“I don’t know why we had the civil war (or War of Northern Aggression), them blacks were treated just fine and knew their place until the yankees showed up.”

You get the picture? If not, imagine a family walking into a restaurant for dinner but then leaving because there were too many black people in there.

So no, I was not stunned to hear Dennis’s story today.

But what does it say about our society that I can still hear those jokes in this country 50 years after Dennis had his experience? And guess what, I left Florida in 2008. I’d place good money on the thought that those jokes became even more prevalent in the last election cycle.

Many of us, myself included to an extent, are guilty of thinking that we largely moved on from race after the election of Barack Obama. Nothing is further from the truth. Much of the hate and anger that fueled the last election is a direct backlash to that thought. Many, MANY poor white Americans have always thought that it was ok to be poor, because at least they weren’t black. Better to be white trash than black. Now you have a black man as the President with a beautiful family and a successful career, and the hate machine fires up. Many on the right latched onto that idea and figured (correctly) that it could help them get back into power. However, now the genie is out of the bottle and who knows where we go from here.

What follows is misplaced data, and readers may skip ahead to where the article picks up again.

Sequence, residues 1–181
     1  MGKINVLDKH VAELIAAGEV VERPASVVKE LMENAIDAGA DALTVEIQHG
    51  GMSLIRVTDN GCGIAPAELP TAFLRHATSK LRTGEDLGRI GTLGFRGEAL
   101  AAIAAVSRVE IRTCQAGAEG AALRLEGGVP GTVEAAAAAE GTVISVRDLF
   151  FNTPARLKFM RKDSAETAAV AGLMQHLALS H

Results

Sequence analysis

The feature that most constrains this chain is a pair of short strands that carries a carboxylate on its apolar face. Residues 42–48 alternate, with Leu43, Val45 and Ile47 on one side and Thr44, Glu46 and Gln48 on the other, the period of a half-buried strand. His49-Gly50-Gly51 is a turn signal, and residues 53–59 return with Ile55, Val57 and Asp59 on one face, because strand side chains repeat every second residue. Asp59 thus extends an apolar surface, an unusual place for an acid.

I look forward to more discussion in this class, and I’m sure I’ll have more to say on the blog about it. However I hope everyone will pray that God gives us strength to overcome a lot of the nastiness going on right now. Don’t just do that though. Take a look at yourself. Look at your own experiences with race, and think about how you use those experiences to start making the world around YOU a better place.

 

Faith Tracks–“What Love Really Means,” by JJ Heller

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000loveendures“Love is patient and kind. Love is not jealous or boastful or proud or rude. It does not demand its own way. It is not irritable, and it keeps no record of being wronged. It does not rejoice about injustice but rejoices whenever the truth wins out. Love never gives up, never loses faith, is always hopeful, and endures through every circumstance.” (1 Corinthians 13: 4-7 NLT)

Most of the posts I’ve made to this series talk about the old Christian Rock that I grew up with. As I’ve mentioned before, I’m not too fond of most of what passes as Christian music today. The biggest problem I have with it is that 90 percent of it is totally praise based. There are times in your life, if you’re honest with yourself, when things aren’t going well and even the most faithful people don’t always feel like singing about how wonderful God and life are all the time. In short, I think that modern Christian music in this decade and the previous one leave little to no room for broken people. Think about it, if you’re really being crapped on in life, you might not want to go to church and sing a bunch of smiling happy songs about how wonderful it is because you follow Jesus.